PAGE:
For the men, the 4x100m team of senior DeMarkes Stradford, sophomore Lance Ward, first-year Oliver Murcko, and sophomore Jaeschel Acheampong broke the Crimson record with a time of 40.28. Sophomore short-distance sprinter Greg Lapit also captured a victory in the 400m, crossing the finish line in 47.63 seconds. Junior Simon Park, sophomore Alexander Kolesnikoff, and senior Sam Welsh, finished first in the pole vault, shot put, and discus respectively.

In Mass., the smaller Crimson squad achieved similar results, with first-year Jack McDonough, sophomore Marcus Miller, and sophomore Codi-Ann Reid winning the 1500m, 200m, and triple jump.

This past weekend, three Harvard athletes posted strong performances in multi-events at the Duke Invitational. Goudros continued her stellar season, placing second in the heptathlon with a total of 5,444 points. This mark was the second highest in school history at the meet. Sophomore Jada Johnson also had a strong day in the heptathlon, finishing seventh. Finally, junior John Minicus placed third in the decathlon with 6,532 points, setting a new personal best and tallying the third-highest score in program history.

To round out the week, in the first spring Havard-Yale dual meet since 2019, the Crimson men and women swept the Bulldogs 87-62 and 75-70 respectively. On the track, the same record-setting 4x100m team from late March repeated their success in New Haven, winning the event by 0.06 seconds. Melville ran a personal best of 9:10.05 in the 3k, good enough to win and notch the eighth-fastest time in Harvard history. In addition, Ward won the 400m with a time of 47.50, the ninth-fastest by a Crimson athlete, and Stradford won the 100m, third best in school history. First-year Peter Fischer won in the 400m hurdles, while Pereira continued his dominance in the 5k, winning the event with a time of 13:50.17. Pereira’s performance was good enough for fourth all time for Harvard. The Crimson continued its success in the field events, with junior Kyle Murphy, first-year John Chilson, and fellow first-year Kenneth Ikeji winning the long jump, javelin, and hammer throw, respectively.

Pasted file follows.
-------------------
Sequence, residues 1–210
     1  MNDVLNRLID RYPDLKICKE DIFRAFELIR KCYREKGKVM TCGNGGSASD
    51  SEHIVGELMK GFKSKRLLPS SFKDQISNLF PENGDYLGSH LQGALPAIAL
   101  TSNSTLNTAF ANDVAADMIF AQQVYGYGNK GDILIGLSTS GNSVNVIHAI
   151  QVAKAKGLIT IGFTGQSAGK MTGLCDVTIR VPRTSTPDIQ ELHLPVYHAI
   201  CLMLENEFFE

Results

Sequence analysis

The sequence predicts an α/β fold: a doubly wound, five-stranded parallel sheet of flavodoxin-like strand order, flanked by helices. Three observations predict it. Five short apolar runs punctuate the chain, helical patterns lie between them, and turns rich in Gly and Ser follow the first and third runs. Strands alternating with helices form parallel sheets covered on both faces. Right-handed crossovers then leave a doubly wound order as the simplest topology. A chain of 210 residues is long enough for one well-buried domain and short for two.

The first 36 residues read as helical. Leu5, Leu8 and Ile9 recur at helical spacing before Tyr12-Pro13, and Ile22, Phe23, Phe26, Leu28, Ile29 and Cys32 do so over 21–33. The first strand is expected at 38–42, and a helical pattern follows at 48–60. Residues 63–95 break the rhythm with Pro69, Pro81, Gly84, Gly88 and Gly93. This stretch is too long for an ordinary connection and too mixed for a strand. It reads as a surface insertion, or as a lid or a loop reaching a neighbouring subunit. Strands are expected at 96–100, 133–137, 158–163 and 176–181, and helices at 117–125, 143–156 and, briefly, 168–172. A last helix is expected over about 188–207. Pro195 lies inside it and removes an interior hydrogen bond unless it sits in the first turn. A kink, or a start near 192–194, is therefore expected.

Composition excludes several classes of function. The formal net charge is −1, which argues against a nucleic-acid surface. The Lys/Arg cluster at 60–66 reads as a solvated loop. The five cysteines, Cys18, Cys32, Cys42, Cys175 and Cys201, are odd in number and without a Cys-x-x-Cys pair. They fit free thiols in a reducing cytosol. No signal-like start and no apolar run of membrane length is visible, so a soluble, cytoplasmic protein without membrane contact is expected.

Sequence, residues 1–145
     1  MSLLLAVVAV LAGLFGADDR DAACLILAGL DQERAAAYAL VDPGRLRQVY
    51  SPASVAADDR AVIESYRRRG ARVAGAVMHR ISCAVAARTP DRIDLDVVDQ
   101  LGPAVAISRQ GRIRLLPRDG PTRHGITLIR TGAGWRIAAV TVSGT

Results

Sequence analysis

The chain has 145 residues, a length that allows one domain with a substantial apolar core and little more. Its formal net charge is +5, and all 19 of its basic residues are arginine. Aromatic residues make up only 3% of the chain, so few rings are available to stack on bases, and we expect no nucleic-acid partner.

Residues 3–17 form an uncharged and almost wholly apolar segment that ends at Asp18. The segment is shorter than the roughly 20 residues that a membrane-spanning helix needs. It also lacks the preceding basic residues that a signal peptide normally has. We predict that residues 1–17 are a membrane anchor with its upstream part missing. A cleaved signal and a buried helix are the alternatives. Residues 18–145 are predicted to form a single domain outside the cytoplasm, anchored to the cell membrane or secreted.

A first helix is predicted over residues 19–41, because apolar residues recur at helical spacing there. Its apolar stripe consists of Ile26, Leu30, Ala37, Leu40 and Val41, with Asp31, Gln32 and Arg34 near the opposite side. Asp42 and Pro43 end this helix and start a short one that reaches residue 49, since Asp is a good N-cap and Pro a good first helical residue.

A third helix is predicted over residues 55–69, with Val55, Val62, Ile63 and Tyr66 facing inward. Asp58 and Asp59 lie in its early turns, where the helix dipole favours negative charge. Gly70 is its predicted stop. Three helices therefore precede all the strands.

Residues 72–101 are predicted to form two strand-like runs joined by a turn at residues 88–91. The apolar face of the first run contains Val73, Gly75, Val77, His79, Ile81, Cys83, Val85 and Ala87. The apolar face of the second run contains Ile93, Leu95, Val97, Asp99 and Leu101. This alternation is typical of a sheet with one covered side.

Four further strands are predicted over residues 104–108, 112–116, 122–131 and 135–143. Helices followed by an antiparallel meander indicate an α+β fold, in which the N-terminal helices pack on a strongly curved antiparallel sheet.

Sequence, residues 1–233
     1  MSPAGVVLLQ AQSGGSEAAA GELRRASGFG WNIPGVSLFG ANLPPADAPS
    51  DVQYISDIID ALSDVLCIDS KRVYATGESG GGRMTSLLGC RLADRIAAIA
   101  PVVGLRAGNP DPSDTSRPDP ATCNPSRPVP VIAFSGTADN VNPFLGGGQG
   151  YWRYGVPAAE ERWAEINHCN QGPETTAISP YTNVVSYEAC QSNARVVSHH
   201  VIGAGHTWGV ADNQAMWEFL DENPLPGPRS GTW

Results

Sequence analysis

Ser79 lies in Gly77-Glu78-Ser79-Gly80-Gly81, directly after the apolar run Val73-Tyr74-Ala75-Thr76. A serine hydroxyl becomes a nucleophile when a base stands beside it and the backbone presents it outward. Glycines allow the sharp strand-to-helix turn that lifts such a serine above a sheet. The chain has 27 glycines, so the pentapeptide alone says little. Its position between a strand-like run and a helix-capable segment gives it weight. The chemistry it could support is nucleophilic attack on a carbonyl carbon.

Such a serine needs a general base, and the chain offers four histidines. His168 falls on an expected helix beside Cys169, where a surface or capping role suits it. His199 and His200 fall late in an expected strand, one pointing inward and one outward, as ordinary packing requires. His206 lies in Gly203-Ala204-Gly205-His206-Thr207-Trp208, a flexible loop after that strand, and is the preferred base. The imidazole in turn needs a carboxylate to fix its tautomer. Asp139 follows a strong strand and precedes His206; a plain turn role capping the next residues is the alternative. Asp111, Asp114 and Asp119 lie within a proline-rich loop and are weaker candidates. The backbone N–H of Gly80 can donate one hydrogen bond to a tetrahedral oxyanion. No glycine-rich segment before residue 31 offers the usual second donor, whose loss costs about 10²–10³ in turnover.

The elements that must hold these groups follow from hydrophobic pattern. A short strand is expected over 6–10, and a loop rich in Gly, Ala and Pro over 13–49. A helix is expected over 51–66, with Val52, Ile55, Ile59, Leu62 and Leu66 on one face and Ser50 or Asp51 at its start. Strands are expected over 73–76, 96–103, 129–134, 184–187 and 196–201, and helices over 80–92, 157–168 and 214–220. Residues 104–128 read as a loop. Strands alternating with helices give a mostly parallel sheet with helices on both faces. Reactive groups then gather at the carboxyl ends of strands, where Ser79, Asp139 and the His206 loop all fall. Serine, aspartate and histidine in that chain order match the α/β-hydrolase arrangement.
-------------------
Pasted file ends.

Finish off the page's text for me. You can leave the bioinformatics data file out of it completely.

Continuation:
For the Harvard women, first year Shaked Leibovitz set a personal best in the 3k steeplechase, the eighth-fastest time in school history. In the 800m, senior Anna Juul set a personal best, winning the event in 2:09.13. Finkelstein captured two event wins on the day, setting the sixth-best mark by a Crimson athlete in the long jump and later winning the 200m. Junior Estel Valeanu, junior Hannah McLaughlin, and junior Cammy Garabian won the discus, the javelin, and the hammer throw. Garabian’s hammer throw landed her in fifth in the Crimson record books.

“Our training cycles vary across all the event groups, but generally speaking we will start easing off around mid-April to give our bodies time to relax and prepare for championship season,” noted junior co-captain Max Serrano-Wu on the training strategy going forward. “We have a couple of two days meets coming up at Auburn, [Virginia], and Baylor, so we’ll decrease the practice intensity going into those meets to ensure we perform at the highest level. We have to make sure we take care of our bodies on the ‘other side’ of the river, like sleeping and eating properly, and staying on top of academics.”

Following the strong start to the spring track and field season, Harvard will compete in two meets next weekend, at Auburn on April 15-16 and at UMass again on April 16.

–Staff writer William Connaughton can be reached at

Want to keep up with breaking news? Subscribe to our email newsletter.

Track and Cross CountryGame StoriesSports Front Feature